NCPA - National Center for Policy Analysis


April 24, 2006

For many years now, human-caused climate change has been viewed as a large and urgent problem, says Bob Carter, a geologist at James Cook University. In truth, however, the biggest part of the problem is neither environmental nor scientific, but a self-created political fiasco.

According to Carter:

  • Based on the official temperature records of the Climate Research Unit at the University of East Anglia, global average temperature did not increase for the years 1998-2005.
  • A temperature curve for the last six million years shows a three-million year period when it was several degrees warmer than today; during the last three such warm (interglacial) periods, temperatures at high latitudes were as much as 5 degrees warmer than today's.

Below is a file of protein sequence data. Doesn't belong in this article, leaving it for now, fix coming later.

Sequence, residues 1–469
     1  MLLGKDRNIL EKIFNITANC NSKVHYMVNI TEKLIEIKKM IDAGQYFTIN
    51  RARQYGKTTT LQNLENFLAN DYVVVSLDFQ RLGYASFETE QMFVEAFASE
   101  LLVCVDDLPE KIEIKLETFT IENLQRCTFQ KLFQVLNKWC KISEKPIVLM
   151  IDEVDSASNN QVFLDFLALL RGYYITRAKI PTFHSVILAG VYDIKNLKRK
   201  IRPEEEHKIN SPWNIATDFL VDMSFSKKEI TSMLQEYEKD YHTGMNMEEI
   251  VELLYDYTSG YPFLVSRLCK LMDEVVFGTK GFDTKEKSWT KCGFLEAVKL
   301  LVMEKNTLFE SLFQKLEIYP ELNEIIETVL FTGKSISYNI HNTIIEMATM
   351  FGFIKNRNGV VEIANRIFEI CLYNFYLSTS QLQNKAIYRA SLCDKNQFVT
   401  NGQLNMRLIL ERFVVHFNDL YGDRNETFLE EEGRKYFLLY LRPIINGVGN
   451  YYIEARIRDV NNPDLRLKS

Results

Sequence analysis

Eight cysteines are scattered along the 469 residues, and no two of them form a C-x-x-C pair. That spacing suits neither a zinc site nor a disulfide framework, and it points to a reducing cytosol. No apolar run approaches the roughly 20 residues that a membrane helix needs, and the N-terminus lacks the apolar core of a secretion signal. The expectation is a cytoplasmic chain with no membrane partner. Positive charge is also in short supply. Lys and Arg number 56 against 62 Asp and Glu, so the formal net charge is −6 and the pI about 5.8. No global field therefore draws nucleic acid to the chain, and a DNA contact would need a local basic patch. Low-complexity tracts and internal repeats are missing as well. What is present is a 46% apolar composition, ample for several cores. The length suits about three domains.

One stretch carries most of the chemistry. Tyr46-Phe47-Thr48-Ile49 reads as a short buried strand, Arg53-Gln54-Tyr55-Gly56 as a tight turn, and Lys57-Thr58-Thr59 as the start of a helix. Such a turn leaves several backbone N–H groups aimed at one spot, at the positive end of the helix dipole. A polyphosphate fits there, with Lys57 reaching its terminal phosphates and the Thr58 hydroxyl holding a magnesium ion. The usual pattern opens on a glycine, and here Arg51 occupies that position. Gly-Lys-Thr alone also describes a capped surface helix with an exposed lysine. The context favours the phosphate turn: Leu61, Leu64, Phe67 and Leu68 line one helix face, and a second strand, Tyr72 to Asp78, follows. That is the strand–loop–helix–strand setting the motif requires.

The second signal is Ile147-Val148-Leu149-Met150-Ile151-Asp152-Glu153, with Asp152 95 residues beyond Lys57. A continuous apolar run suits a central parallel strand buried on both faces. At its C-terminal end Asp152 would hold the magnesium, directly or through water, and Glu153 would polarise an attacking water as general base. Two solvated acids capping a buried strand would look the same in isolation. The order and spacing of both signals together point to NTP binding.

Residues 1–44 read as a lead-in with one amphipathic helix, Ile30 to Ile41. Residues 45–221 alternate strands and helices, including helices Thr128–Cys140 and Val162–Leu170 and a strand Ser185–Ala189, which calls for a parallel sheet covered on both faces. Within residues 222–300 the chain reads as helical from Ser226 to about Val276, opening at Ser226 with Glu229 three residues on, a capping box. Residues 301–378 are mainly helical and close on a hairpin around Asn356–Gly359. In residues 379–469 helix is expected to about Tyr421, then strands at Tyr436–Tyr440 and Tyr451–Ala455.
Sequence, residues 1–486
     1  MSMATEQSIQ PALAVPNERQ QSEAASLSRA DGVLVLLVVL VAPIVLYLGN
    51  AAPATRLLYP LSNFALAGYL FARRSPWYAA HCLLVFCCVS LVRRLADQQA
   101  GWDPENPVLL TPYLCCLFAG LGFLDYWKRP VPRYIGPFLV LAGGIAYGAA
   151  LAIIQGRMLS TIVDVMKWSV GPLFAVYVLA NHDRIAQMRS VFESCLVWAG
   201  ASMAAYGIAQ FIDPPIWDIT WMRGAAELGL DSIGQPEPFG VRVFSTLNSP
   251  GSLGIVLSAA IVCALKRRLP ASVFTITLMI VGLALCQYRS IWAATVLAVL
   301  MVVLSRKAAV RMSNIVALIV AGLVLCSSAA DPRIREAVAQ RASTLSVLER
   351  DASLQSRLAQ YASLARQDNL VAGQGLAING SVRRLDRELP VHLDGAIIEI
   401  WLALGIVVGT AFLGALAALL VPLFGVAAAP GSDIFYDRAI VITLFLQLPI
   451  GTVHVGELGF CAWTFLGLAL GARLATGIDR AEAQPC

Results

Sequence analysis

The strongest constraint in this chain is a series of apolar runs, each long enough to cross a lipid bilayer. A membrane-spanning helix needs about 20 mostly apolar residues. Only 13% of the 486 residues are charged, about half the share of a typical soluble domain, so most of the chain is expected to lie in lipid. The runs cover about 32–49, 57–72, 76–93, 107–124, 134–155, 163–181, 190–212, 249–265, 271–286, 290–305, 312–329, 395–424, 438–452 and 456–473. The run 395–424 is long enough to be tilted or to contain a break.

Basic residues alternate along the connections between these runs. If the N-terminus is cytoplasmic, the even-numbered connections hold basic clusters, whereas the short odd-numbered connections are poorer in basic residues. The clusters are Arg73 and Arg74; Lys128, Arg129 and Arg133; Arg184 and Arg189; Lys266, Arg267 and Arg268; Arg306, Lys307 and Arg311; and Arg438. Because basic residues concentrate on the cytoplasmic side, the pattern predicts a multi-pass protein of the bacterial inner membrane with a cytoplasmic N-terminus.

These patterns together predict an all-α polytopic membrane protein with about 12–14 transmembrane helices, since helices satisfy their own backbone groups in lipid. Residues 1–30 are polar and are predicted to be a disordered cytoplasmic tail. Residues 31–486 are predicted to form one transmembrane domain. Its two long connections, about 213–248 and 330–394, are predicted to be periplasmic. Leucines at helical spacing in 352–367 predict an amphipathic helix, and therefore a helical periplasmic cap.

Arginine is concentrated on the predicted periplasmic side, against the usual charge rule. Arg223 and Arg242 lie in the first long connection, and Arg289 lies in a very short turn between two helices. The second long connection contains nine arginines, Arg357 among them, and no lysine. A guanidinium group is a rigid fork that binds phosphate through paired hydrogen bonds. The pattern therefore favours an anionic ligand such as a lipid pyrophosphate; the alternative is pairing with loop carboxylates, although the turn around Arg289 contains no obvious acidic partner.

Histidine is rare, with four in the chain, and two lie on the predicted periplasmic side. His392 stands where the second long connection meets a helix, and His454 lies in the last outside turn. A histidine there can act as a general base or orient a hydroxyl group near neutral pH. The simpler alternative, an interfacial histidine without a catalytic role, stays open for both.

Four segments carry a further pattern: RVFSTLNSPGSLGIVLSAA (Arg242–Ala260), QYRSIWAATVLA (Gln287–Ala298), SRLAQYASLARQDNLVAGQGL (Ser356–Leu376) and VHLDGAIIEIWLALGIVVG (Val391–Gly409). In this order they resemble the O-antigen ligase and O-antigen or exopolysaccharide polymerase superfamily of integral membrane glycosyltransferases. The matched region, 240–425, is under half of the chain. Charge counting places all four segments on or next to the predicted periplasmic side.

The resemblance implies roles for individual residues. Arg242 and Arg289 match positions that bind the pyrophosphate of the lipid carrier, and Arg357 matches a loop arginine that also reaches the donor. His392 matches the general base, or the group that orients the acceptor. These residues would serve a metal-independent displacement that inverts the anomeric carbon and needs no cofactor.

• Intimidation keeps climate skeptics from speaking out; scientists are under intense pressure to conform to the prevailing paradigm of climate alarmism if they wish to receive funding for their research.

Climate changes naturally occur all the time, partly in predictable cycles and partly in unpredictable shorter rhythms and rapid episodic shifts, some of the causes of which remain unknown, says Carter. We are fortunate that our modern societies have developed during the last 10,000 years of benignly warm, interglacial climate. The reality of the climate record is that a sudden natural cooling is far more to be feared, and will do infinitely more social and economic damage, than the late 20th century phase of gentle warming.

Source: Bob Carter, "There Is a Problem With Global Warming...It Stopped in 1998," Opinion Telegraph, April 9, 2006.


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